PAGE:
719

SAINT LAURENT RIVE DROITE LAUNCHES SAINT LAURENT HUNTER

Accessories Saint Laurent and Hunter present a new pair of boots that will be exclusively available at the Saint Laurent Rive Droite store. Anthony Vaccarello has created a limited edition design on a Hunter boot made of natural rubber. They combine Hunter’s 160 years of craftsmanship in footwear with the inspiration of Saint Laurent.     Saint Laurent x Hunter boot will be available in black with silver studs and straps.     saintlaurentrivedroite.com     @ysl #saintlaurentrivedroite @anthonyvaccarello Saint Laurent and Hunter present a new pair of boots that will be exclusively available at the Saint Laurent Rive Droite store. Anthony Vaccarello has created a limited edition design on a Hunter boot made of natural rubber. They combine Hunter’s 160 years of craftsmanship in footwear with the inspiration of Saint Laurent.     Saint Laurent x Hunter boot will be available in black with silver studs and straps.     saintlaurentrivedroite.com     @ysl #saintlaurentrivedroite @anthonyvaccarello

LEVI’S  MODERN VINTAGE LOGO
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LEVI’S MODERN VINTAGE LOGO

Fashion A perfect balance of throwback cool and next level now.     Reinterpreting a typeface which is reminiscent of fonts used on ads from Levi’s® early years in the latter part of the 1800’s. Fast forward to 2020, the denim brand gives the logo a modern twist with a more refined and lighter serif.     The design sits front and center across relaxed fit sweaters and tees, but also on beanies and bags made from recycled plastics and bottles. For those seeking a more subtle look, the logo also features on tonal T-shirts and retro fit sweaters as chest hits.     With Winter leaning in, the Modern Vintage logo sweater combines perfectly with the new 551Z or High Loose Taper jeans, a true 90’s street style look.      The Modern Vintage collection is available from December on www.levis.com   @levis_nl #LiveInLevis A perfect balance of throwback cool and next level now.     Reinterpreting a typeface which is reminiscent of fonts used on ads from Levi’s® early years in the latter part of the 1800’s. Fast forward to 2020, the denim brand gives the logo a modern twist with a more refined and lighter serif.     The design sits front and center across relaxed fit sweaters and tees, but also on beanies and bags made from recycled plastics and bottles. For those seeking a more subtle look, the logo also features on tonal T-shirts and retro fit sweaters as chest hits.     With Winter leaning in, the Modern Vintage logo sweater combines perfectly with the new 551Z or High Loose Taper jeans, a true 90’s street style look.      The Modern Vintage collection is available from December on www.levis.com   @levis_nl #LiveInLevis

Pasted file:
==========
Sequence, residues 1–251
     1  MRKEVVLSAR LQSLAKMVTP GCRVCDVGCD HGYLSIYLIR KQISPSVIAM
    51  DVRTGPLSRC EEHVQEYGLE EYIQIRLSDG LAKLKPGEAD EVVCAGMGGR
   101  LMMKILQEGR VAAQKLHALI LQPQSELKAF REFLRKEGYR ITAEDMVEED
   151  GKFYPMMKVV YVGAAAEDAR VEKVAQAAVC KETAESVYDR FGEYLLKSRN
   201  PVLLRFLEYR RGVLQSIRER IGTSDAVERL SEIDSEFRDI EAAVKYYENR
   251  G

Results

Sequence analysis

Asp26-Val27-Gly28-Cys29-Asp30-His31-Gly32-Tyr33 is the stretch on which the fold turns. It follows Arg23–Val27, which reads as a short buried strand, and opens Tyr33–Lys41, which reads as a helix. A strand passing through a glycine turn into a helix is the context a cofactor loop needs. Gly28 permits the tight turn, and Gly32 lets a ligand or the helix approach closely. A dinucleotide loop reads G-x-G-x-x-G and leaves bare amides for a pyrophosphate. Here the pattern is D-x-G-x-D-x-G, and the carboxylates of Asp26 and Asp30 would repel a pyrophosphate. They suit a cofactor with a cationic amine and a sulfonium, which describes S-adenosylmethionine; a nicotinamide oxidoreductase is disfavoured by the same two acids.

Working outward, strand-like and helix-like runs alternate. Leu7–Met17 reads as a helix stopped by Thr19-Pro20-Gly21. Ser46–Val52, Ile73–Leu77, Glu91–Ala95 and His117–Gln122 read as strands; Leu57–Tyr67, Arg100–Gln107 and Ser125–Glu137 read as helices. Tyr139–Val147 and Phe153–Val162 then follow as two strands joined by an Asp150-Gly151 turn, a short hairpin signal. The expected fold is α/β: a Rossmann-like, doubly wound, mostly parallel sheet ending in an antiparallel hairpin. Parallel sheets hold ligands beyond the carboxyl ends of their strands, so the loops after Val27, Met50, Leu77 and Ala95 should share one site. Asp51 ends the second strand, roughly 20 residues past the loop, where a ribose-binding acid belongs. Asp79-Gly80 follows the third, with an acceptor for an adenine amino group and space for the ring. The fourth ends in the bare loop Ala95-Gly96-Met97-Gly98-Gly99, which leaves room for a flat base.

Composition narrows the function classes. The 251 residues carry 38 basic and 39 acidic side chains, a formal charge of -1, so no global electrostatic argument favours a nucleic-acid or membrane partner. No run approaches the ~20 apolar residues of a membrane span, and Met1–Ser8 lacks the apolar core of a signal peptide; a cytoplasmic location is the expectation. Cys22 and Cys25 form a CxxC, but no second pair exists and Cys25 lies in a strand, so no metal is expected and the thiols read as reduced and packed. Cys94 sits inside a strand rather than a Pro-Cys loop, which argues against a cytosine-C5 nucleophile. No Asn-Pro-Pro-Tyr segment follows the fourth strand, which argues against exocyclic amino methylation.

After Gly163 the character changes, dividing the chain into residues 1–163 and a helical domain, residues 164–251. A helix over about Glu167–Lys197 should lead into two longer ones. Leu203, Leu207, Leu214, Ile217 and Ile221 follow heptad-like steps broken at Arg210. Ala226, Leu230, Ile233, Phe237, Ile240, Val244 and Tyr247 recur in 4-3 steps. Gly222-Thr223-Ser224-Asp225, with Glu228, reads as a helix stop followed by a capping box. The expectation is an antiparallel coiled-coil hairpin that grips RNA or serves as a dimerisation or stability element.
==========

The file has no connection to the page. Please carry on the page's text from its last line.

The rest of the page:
Advertising
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PRADA LINEA ROSSA FALL/WINTER 2020 CAMPAIGN FEATURING GUS KENWORTHY
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PRADA LINEA ROSSA FALL/WINTER 2020 CAMPAIGN FEATURING GUS KENWORTHY